I knew little to nothing about what the rest of Mark’s life was like, but I recall being enchanted with what I perceived as the simplicity of his life. He had the Nursery, and he had a bunk bed from which he could see it once autumn came and the leaves fell from the trees. There was no unnecessary stuff or clutter. All was quiet and calm. At least that was how it seemed to me. Perhaps I was destined to discover Zen in my adulthood, for in adulthood I would attend meditation retreats held in an old Catholic monastery with quarters that were more lavishly appointed than those in which Mark and Joe lived. And yet it was all so gorgeously sufficient, and I felt so wonderfully at home.
Living things thrive when conditions are sufficient. A seed needs but a little soil and moisture and light in order to do what the wind blew it there to do. Children, likewise, thrive when surrounded with just enough to nurture their own imaginations more so than when they are inundated with abundance born of the imaginings of others. I needed a natural area in which to wander about and wonder, as did Mark. That was sufficient to our wellbeing. It was sufficient for us to have such a place as the Nursery and the occasion out there from time to time to happen upon each other in order that a friendship between us might thrive. It was sufficient for us to meet every now and then to rekindle our mutual appreciation of all that existed out there in our domain. It was sufficient for us to share what we had together in the moment rather than getting into stories of what it was like to have a half-brother, or to live upstairs from an altogether different family, or how the amount of stuff that I had was more than the amount of stuff that he had.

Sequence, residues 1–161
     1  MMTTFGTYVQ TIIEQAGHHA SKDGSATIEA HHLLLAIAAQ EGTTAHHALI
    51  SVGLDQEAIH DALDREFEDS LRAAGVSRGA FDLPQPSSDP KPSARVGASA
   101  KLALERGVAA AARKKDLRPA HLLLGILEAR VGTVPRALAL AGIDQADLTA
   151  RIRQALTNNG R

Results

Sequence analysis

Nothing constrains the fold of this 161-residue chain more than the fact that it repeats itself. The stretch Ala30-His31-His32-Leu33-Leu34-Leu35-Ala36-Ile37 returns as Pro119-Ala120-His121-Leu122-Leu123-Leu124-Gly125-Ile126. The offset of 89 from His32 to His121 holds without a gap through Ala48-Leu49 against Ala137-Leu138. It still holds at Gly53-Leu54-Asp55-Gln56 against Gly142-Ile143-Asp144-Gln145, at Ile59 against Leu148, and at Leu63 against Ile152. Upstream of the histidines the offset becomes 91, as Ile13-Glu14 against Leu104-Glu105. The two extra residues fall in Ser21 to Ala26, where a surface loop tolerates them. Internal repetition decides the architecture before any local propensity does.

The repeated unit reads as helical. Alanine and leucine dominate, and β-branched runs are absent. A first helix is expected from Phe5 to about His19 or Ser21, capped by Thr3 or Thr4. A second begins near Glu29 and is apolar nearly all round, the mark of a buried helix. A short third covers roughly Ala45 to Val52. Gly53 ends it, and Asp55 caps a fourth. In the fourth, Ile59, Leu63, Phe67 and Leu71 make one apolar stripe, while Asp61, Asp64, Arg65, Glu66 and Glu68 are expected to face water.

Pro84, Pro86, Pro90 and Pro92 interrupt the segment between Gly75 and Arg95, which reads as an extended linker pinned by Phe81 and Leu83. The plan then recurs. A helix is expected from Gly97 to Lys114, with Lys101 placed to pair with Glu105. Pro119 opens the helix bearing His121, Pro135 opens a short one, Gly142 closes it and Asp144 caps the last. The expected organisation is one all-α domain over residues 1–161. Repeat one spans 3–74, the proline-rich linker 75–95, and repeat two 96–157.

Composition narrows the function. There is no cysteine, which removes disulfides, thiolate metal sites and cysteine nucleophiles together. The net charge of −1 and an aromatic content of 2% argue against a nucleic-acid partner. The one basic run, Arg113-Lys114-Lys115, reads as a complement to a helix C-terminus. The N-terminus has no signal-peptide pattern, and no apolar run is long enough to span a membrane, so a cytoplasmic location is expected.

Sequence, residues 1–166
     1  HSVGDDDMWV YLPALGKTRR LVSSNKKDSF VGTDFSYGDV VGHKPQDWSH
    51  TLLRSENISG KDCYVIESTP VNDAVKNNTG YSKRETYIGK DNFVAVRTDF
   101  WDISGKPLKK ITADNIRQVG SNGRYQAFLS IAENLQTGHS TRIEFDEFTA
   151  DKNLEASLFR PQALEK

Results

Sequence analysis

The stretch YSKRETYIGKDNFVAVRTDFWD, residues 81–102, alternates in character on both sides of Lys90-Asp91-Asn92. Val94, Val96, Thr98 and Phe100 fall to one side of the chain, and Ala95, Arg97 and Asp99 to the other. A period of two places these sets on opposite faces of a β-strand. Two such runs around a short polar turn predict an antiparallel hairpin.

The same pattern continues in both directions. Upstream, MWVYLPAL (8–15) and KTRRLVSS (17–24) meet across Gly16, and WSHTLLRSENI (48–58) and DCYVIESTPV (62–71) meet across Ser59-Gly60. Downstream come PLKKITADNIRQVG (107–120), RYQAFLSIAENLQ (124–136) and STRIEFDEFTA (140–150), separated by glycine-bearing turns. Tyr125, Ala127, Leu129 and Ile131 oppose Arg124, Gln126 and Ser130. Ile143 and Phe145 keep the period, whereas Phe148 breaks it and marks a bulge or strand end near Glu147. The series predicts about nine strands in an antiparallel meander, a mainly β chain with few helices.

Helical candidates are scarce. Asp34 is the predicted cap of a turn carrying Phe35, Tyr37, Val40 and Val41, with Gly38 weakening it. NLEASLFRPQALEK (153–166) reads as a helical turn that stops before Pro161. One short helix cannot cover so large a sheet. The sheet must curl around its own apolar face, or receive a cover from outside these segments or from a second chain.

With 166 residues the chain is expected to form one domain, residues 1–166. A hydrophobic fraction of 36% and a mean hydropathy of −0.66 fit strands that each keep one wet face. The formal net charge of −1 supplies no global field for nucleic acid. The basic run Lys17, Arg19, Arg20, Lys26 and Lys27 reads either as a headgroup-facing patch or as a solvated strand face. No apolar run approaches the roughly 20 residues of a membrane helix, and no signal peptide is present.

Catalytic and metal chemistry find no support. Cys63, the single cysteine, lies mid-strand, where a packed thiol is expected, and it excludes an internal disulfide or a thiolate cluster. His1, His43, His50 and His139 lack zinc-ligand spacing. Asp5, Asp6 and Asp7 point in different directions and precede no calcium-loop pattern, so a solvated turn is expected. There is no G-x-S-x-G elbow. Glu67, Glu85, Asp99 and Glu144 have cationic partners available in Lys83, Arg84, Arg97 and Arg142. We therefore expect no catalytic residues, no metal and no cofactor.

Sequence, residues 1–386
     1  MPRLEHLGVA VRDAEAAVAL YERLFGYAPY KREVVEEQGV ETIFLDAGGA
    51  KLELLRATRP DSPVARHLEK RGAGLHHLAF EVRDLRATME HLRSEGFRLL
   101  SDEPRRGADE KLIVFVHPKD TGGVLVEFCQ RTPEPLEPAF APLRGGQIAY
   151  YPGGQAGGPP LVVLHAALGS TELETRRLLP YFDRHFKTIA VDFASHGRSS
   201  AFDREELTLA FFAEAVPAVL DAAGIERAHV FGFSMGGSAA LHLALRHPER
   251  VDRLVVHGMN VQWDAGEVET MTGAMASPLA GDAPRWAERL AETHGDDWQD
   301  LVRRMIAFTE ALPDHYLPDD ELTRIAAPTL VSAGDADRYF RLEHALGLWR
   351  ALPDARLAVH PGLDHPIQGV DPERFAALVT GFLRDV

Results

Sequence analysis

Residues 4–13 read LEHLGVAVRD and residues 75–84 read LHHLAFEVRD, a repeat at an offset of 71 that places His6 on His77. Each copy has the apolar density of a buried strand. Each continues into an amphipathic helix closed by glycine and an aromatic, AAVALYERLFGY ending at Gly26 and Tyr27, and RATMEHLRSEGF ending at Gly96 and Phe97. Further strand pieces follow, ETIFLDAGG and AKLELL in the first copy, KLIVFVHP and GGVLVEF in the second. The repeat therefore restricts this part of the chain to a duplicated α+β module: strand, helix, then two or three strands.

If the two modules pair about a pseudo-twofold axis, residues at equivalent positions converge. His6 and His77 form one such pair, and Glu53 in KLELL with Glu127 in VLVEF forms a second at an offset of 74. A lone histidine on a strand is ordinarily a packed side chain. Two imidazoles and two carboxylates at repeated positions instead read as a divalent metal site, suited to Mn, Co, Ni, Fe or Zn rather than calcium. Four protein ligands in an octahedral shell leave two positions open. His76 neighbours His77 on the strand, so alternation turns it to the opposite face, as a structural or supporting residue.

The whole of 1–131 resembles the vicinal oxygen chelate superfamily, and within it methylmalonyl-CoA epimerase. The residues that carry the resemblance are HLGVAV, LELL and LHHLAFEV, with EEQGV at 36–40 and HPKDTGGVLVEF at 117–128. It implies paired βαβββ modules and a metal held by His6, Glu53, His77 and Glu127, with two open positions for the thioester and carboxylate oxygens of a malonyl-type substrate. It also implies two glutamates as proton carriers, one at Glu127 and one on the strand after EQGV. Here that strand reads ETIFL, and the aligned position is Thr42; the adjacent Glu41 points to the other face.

We adults tend to confuse sufficiency with poverty. “These accommodations are merely sufficient,” we might say, or “this meal is barely sufficient to satisfy my hunger.” Sufficiency, on the other hand, is precisely what stands between existence and non-existence. As such, it is a special place. It is the sufficiency of the Japanese aesthetic of wabi-sabi. It is a doorway through which awareness enters. The sufficiency of accommodations during a monastic retreat is precisely what it is required in order to make a visit even the slightest bit worthwhile, and the sufficiency of resources during a child’s formative years is precisely what nurtures creativity and imagination. Children, however, in attending to only what is before them in any given moment, have no conception of sufficiency, even as they are nestled within its embrace – or perhaps especially so. For a child, sufficiency is abundance, for it is precisely what is required. It is the adult mind that measures and compares and starts making value judgments about things and circumstances that begins to cast a wary eye upon sufficiency.
Original Rustic Garden Gate on Riverside at Eynsford by Richard Croft via:
All other images are the author’s
Copyright 2014 by Mark Frank